To our users, however, it is a problem. LL has a terrible track record of listening to users, and it shows in their viewer. We're already starting to hear complaints from folks who want no part of the LL viewer. This thread on SLUniverse is typical.

Jessica Lyon posted late in that thread (as I write this) that we may release a preview viewer for merchants to use to do VMM while we rush through the QA cycle for the full release. This is a much less than ideal solution; previews are explicitly unsupported, may change, and aren't guaranteed to work properly. We don't like doing them. In this case, LL's ...planning may force our hand.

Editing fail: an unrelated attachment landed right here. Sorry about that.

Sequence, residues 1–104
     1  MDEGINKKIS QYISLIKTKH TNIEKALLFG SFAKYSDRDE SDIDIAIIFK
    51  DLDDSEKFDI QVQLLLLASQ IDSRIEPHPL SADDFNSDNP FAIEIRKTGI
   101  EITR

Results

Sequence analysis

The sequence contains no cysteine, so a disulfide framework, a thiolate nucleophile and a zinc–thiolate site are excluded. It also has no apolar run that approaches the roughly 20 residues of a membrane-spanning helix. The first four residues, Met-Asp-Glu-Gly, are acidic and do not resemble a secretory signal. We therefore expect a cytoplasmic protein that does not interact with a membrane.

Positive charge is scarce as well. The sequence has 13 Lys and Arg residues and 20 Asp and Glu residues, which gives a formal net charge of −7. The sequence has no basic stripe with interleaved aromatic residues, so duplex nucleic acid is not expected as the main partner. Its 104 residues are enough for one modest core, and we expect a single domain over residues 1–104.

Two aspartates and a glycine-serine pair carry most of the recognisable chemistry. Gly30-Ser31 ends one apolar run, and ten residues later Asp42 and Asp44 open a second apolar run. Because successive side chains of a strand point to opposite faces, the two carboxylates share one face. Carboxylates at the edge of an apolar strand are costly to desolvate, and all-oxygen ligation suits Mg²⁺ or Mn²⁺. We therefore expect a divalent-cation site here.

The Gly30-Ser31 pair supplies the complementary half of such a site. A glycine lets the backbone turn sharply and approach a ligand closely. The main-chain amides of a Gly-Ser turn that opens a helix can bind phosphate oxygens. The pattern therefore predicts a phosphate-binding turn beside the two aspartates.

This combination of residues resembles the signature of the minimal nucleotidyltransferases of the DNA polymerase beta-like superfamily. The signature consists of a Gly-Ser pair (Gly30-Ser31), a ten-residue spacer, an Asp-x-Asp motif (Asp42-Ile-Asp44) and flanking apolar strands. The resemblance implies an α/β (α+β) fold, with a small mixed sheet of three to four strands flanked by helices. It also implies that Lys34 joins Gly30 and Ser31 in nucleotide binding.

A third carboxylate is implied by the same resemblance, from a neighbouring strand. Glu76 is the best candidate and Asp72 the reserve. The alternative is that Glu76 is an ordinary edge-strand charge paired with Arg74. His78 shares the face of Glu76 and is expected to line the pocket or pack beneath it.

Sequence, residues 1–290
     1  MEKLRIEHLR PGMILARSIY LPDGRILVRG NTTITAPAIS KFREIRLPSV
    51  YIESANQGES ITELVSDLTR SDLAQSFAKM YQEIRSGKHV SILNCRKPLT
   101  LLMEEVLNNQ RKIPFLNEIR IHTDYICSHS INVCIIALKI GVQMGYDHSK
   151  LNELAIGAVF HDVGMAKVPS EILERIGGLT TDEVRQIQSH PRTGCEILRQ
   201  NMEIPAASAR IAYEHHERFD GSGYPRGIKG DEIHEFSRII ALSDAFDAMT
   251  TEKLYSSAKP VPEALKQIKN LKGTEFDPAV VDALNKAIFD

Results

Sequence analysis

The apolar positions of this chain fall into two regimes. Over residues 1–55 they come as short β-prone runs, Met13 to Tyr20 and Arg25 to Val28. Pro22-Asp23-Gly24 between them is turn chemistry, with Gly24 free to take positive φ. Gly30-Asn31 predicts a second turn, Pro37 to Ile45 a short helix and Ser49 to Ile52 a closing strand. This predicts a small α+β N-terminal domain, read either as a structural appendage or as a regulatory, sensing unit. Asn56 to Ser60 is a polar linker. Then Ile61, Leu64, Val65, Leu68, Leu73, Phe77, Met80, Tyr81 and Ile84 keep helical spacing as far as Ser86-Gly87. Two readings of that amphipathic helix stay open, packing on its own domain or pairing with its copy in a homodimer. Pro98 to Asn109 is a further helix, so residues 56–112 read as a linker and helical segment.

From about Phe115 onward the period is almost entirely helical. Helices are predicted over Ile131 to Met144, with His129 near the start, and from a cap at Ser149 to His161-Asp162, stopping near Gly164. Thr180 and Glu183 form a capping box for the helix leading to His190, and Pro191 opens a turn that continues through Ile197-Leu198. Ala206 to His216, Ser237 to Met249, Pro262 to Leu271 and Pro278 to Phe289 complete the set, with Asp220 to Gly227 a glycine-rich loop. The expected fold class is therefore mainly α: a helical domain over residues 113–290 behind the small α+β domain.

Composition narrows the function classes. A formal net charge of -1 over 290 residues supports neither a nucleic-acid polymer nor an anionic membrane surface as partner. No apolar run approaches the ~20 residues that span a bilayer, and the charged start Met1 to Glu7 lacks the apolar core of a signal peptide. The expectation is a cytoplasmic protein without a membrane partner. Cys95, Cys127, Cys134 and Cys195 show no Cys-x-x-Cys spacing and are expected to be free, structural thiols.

I don't know why LL feels compelled to force people into VMM while the viewer that's required to support it isn't even an official release yet. Whatever the reason, this seems like particularly poor planning, as well as a distinct "see figure 1" to TPV developers and users.

Sadly, it's in line with their normal ways of doing things, and what we've come to be used to.

Update, 18 July: According to this post on LL's forums, the VMM version of the official viewer won't be a full release by the 23rd either! Not only is this a "see figure 1" to TPV-using merchants, but merchants in general. The net effect, since Oz will not commit to releasing the VMM viewer next, is to force us to either push VMM as it stands now and deal with potential merge headaches should they decide to release something else first, or else hold off on our release and force users to use the LL viewer to manage their Marketplace items.

Real TPV- and merchant-friendly, LL...

07 July 2015

Another one bites the dust

I did something this morning I haven't done in years on my main account: "set home to here".